1841, November 21   The first baptisms for the dead were performed in the font.

The Importance of Accurate Record Keeping

The dead will be judged from two sources: the “Book of Life” and other books (D&C 128:3–5).

Elder Bruce R. McConkie said:

“[The books were opened] What books? The Standard Works of the Church, the holy scriptures wherein the law of the Lord is recorded and the instruction given as to how men should walk in this mortal probation; also, the records of the Church wherein are recorded the faith and good works of the Saints—the records of their baptism, celestial marriage, tithe paying, missionary service, and their acts of devotion and worship.

“The book of life] What is it? Figuratively, it is our own life, and being, the record of our acts transcribed in our souls, an account of our obedience or disobedience written in our bodies. Literally, it is the record kept in heaven of the names and righteous deeds of the faithful.”13

These records made on earth are also recorded in heaven, and the dead will be judged from them (D&C 128:6–8, 24). At the time of the Second Coming, we will present the records to the Lord as an offering to Him.

Whatever is bound on earth by proper authority will also be bound in heaven (v. 7). Elder Joseph Fielding Smith said, “What is bound or sealed in the temples of the Lord is also sealed in heaven. This is the great authority which Elijah restored. It also covers ordinances performed for the living as well as for the dead. The Prophet said that all of the ordinances for the living are required in behalf of all the dead who are entitled to the fulness of the exaltation.”14

The Lord provided another indication that additional sealing ordinances will yet be revealed to them (v. 8).

Notes:
 1.  History of the Church, 4:537.
2.  “A Century of Family History Service,” Ensign, Mar. 1995, 61.
3.  History of the Church, 5:126–127.
4.  History of the Church, 2:379–380.
5.  History of the Church, 2:380–81.
6.  1836 Diary, BYU Studies 12.4 [Summer 1972]: 418.
7.  Church History and Modern Revelation, 4 vols. [1946–1949], 3:71.
8.  Church History and Modern Revelation, 2:332.
9.  Ensign, Mar. 1995, 62–63.
10. “The Worth of Souls,” Utah Genealogical and Historical Magazine, Oct. 1934, 189.
11.  History of the Church, 4:426.
12.  History of the Church, 4:446.
13.  Doctrinal New Testament Commentary,3:578.
14.  Church History and Modern Revelation, 2:329.

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By |2018-05-19T18:21:30+00:00August 6th, 2018|

About the Author:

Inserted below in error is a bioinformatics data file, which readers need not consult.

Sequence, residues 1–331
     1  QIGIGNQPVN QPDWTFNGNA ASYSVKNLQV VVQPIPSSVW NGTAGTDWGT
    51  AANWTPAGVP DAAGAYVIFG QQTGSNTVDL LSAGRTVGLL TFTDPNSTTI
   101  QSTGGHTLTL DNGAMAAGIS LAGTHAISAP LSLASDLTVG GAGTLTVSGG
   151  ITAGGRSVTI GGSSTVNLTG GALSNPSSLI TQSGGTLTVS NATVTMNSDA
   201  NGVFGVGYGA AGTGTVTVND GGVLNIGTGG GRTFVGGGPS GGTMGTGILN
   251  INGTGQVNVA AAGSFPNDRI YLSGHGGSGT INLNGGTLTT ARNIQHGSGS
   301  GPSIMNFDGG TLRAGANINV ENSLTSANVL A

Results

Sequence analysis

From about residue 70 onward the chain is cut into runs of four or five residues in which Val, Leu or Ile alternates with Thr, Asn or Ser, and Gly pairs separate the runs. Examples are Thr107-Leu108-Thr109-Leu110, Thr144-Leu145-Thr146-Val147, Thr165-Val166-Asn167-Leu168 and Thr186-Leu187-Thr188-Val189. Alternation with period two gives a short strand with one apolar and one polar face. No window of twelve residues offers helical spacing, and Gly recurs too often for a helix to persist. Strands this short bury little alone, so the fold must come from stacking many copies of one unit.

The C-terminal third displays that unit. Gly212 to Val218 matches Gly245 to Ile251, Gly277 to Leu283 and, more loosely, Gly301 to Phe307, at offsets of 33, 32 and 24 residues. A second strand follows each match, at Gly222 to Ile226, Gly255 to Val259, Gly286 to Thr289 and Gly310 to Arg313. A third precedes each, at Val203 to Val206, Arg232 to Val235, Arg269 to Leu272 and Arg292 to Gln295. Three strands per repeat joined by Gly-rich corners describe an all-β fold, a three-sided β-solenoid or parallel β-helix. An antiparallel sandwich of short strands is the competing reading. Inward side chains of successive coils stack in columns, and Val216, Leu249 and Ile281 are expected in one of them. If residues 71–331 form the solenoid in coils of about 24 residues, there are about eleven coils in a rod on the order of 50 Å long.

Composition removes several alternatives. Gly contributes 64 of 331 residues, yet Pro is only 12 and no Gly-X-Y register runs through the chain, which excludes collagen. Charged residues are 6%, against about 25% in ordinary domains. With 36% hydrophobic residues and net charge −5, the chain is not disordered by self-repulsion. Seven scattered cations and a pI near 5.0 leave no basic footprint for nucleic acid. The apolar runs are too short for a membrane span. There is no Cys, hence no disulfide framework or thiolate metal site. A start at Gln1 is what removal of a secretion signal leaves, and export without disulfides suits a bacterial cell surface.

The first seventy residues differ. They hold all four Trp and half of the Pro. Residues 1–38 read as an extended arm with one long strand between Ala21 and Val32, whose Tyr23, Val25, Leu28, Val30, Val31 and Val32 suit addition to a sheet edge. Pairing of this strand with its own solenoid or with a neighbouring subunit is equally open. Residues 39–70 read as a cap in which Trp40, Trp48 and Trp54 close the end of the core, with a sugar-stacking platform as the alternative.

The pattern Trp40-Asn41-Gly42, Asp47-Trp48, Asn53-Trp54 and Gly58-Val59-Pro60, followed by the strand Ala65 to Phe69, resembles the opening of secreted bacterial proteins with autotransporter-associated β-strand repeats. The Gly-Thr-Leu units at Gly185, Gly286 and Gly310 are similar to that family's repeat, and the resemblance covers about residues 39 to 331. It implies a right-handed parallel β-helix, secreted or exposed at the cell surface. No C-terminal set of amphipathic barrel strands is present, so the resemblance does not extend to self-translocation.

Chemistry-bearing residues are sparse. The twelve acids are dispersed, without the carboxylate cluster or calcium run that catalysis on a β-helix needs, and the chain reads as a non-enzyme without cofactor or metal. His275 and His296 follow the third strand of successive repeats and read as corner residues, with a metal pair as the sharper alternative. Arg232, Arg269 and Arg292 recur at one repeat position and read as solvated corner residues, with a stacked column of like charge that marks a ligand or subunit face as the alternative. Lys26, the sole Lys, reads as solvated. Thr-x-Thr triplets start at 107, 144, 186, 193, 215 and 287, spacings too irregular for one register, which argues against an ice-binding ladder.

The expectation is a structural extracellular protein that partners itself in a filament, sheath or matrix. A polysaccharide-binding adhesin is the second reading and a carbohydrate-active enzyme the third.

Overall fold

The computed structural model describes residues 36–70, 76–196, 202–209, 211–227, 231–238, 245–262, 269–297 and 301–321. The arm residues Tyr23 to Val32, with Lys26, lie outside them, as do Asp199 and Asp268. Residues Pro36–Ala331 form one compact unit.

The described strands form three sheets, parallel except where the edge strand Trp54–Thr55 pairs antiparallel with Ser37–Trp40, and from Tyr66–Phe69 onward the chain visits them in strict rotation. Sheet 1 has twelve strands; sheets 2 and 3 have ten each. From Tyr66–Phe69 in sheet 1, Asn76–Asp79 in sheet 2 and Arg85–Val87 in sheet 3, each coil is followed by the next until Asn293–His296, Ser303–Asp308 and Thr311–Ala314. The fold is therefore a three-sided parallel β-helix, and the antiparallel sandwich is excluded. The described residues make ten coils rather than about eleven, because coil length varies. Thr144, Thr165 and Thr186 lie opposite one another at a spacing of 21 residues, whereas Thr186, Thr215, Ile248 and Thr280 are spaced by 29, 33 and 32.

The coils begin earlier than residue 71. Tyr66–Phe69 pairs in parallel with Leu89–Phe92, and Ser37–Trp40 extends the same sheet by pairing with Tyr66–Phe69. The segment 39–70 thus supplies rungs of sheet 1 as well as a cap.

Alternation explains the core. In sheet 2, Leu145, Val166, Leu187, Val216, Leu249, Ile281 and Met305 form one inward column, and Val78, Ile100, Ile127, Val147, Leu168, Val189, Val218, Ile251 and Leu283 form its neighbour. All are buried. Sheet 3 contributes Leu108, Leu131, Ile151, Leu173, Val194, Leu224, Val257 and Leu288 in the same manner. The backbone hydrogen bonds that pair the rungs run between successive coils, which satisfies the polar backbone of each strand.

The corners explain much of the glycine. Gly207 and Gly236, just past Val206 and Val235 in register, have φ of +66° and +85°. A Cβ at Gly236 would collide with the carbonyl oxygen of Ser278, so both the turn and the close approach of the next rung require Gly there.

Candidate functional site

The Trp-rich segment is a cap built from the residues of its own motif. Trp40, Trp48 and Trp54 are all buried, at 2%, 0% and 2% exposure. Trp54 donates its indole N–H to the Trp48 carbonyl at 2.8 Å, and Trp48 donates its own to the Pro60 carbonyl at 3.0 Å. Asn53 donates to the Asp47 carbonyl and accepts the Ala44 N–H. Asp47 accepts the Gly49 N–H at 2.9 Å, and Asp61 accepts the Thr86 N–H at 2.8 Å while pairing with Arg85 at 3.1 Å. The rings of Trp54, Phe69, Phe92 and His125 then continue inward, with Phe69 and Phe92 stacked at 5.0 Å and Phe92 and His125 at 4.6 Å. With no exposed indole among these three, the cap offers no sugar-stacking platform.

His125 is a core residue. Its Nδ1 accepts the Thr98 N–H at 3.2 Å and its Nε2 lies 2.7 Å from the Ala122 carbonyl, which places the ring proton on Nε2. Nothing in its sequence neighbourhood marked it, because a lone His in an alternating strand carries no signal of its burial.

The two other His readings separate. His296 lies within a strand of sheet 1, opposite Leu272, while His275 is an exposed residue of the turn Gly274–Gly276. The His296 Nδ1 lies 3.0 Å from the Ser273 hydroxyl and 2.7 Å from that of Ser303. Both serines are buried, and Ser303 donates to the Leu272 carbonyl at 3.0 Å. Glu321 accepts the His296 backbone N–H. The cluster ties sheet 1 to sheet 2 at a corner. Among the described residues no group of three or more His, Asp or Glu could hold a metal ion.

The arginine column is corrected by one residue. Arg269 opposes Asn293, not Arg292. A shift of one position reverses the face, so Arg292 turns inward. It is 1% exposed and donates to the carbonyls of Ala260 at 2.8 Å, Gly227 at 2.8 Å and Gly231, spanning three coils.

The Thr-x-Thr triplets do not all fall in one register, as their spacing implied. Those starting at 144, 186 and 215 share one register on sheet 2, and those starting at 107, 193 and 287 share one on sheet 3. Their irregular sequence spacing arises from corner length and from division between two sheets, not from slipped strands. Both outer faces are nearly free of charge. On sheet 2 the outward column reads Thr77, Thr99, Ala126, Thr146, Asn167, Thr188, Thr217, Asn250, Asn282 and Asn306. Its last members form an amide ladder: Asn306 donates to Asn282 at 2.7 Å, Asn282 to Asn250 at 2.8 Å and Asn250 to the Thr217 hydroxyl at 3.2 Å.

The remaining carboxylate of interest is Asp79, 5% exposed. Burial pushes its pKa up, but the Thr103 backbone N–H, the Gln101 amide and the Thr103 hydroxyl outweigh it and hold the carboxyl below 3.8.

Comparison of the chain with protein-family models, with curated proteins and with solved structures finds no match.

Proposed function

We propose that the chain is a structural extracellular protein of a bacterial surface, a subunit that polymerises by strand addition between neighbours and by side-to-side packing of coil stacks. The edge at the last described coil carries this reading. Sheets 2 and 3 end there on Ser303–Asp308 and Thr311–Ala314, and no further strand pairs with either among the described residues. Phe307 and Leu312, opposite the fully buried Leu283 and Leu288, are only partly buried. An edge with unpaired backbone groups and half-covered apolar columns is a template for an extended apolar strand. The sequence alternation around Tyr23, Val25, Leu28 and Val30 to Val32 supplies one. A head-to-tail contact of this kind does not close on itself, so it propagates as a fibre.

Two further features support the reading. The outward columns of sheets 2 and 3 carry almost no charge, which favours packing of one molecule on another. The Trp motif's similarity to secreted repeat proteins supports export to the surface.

Randal S. Chase spent his childhood years in Nephi, Utah, where his father was a dry land wheat farmer and a businessman. In 1959 their family moved to Salt Lake City and settled in the Holladay area. He served a full-time mission in the Central British (England Central) Mission from 1968 to 1970. He returned home and married Deborah Johnsen in 1971. They are the parents of six children—two daughters and four sons—and an ever-expanding number of grandchildren. He was called to serve as a bishop at the age of 27 in the Sandy Crescent South Stake area of the Salt Lake Valley. He served six years in that capacity, and has since served as a high councilor, a stake executive secretary and clerk, and in many other stake and ward callings. Regardless of whatever other callings he has received over the years, one was nearly constant: He has taught Gospel Doctrine classes in every ward he has ever lived in as an adult—a total of 35 years. Dr. Chase was a well-known media personality on Salt Lake City radio stations in the 1970s. He left on-air broadcasting in 1978 to develop and market a computer-based management, sales, and music programming system to radio and television stations in the United States, Canada, South America, and Australia. After the business was sold in 1984, he supported his family as a media and business consultant in the Salt Lake City area. Having a great desire to teach young people of college age, he determined in the late 1980s to pursue his doctorate, and received his Ph.D. in Communication from the University of Utah in 1997. He has taught communication courses at that institution as well as at Salt Lake Community College and Dixie State University for 21 years. He served as Communication Department chair and is currently a full-time professor at Dixie State University in St. George, Utah. Concurrently with his academic career, Brother Chase has served as a volunteer LDS Institute and Adult Education instructor in the CES system since 1994, both in Salt Lake City and St. George, where he currently teaches a weekly Adult Education class for three stakes in the Washington area. He has also conducted multiple Church History tours and seminars. During these years of gospel teaching, he has developed an extensive library of lesson plans and handouts which are the predecessors to these study guides. Dr. Chase previously published a thirteen-volume series of study guides on the Book of Mormon, Church History, the Old Testament, and the New Testament. The series, titled Making Precious Things Plain, along with four smaller study guides on Isaiah, Jeremiah, the story of the Nativity, and the final week of our Lord’s atoning sacrifice, are designed to assist teachers and students of the gospel, as well as those who simply want to study on their own. Several of these books are also available in the Spanish language.